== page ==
Loic Bargibant and his team of French rescuers began searching for survivors amid the rubble of collapsed buildings in the historic Turkish city of Antakya on Thursday morning. But after more than two days they had found none.
Mr Bargibant, 47, head of an association of French rescuers called Secouriste Francais Croix Blanche, and a veteran of disaster responses around the world, refused to give up hope.
“In Haiti, people were even found after 28 days," he told The National.
Antakya, in Hatay province, is one of the places hardest hit by the 7.8 magnitude earthquake that struck south-east Turkey early on Monday. By Saturday, the death toll in Turkey and neighbouring areas of northern Syria had passed 24,000.
“The scale of devastation is worse than what I saw in 1999," Mr Bargibant said as he examined a crumpled home.
Monday's earthquake is considered the worst disaster to hit Turkey since the 1999 tremor that killed more than 17,000 in the country.
Mr Loic's team of 15 rescuers and two dogs are only a small part of the enormous assistance effort mobilised by countries across the world. According to Turkey's Foreign Ministery, 99 countries have offered some form of help, with 68 sending a total of 8,236 search and rescue personnel.
The UN said on Wednesday that the chances of finding people alive dropped after 60 hours, but Mr Bargibant said people trapped in the rubble could generally survive for up to 10 days.
“The people who were the most accessible have already been pulled out," he said. "Those who remain need more advanced means, as moving the rubble can aggravate the situation."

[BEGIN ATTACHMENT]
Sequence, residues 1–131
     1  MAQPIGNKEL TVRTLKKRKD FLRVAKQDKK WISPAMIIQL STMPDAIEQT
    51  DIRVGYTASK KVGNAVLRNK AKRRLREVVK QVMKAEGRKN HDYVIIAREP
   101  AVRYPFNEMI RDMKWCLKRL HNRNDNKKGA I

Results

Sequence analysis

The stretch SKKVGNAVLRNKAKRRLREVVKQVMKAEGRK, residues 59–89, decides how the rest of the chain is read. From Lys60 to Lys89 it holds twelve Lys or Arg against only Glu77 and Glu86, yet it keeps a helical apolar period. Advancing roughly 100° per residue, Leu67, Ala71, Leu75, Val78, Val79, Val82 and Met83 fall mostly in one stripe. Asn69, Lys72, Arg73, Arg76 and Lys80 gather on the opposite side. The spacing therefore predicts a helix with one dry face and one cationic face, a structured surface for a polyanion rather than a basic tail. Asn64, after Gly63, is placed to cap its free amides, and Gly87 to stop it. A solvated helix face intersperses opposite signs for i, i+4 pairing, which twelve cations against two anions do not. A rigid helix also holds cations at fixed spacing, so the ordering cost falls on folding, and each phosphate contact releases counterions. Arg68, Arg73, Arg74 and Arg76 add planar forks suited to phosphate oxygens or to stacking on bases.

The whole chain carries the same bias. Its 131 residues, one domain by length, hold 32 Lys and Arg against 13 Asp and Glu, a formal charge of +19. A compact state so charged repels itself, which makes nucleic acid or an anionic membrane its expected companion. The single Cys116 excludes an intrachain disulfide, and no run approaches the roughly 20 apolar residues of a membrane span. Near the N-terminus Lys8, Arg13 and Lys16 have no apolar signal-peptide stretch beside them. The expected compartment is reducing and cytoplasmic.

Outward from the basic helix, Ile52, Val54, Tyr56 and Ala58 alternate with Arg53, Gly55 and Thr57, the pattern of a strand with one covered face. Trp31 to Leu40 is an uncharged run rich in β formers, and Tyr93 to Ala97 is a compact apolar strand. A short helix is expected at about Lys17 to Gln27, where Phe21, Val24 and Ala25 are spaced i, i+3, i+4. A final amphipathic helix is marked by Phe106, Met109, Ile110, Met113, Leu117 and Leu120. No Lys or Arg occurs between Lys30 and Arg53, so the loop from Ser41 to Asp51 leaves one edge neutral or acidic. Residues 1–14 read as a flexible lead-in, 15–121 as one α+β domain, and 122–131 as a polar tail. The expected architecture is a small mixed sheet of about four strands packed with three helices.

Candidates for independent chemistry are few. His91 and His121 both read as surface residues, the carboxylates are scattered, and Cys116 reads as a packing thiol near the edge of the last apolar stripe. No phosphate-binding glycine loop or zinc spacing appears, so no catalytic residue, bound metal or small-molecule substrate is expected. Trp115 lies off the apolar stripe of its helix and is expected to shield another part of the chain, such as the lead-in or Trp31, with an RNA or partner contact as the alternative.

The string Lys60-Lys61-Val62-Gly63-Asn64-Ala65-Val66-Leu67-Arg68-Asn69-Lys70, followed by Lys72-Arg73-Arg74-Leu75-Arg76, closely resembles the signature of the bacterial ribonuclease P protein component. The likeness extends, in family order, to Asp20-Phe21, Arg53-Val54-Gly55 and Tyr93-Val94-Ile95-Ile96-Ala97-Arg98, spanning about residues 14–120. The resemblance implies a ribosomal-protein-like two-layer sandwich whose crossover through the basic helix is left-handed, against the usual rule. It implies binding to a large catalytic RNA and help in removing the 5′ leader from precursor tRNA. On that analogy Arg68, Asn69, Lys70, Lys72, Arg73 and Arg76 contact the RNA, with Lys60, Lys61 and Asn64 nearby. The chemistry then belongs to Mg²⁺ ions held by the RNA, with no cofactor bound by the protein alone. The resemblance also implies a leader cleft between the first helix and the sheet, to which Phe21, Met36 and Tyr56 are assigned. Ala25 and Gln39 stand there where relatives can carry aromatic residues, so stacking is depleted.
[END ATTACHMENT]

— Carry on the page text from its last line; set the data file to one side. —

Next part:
On Friday afternoon, as they climbed over rubble and made their way through narrow debris-filled alleys, one of the team raised an alarm.
“Smoking is forbidden, don’t light anything," he shouted, pointing to gas bottles lying nearby as a distinctive smell of rotten eggs filled the air.
“There is a risk of gas leaking," Mr Bargibant explained.
They resumed their search after using a detector to check that the level of gas was safe.
“We got information that a couple and their three kids used to live in this building and that they were missing," said Marin Chesnoy, one of the rescuers, indicating a mound of rubble.
“Is there anyone here?” a translator shouted repeatedly in Turkish.
“First, we are calling by voice to see if there is a reaction," Mr Chesnoy explained.
“In case we hear something, we then use specialised gear to detect sounds. If there are positive signals, we send the dog who can smell human presence, then a camera to get a good view of the survivor. The final phase is to move the rubble and try to secure a safe access to extract the person."
Their search dog Lasko, a 7-year-old German Shepherd with two years of training, strained at his leash and panted with excitement.
“It's like a game, they are playing hide and seek, people are hidden and they have to find them, and the reward is when the person is pulled out," said Mr Bargibant.
The team suddenly pleaded for silence as they heard some sounds coming from the rubble. Lasko was unleashed, but did not find any sign of life under the flattened house.
On Saturday, they reported another possible find. "We are currently on a site where we have positive feedback on our listening devices, but we need to drill several slabs," Mr Bargibant said.
Even after five days, relatives of the missing in Antakya were not giving up hope that survivors could still be found.
Gulsen Kurt, 34, has slept for several days in front of a site being cleared of rubble where her husband's family lived. She came all the way from Istanbul, she said.
"Yesterday I could hear their voices, I still have hope," she said.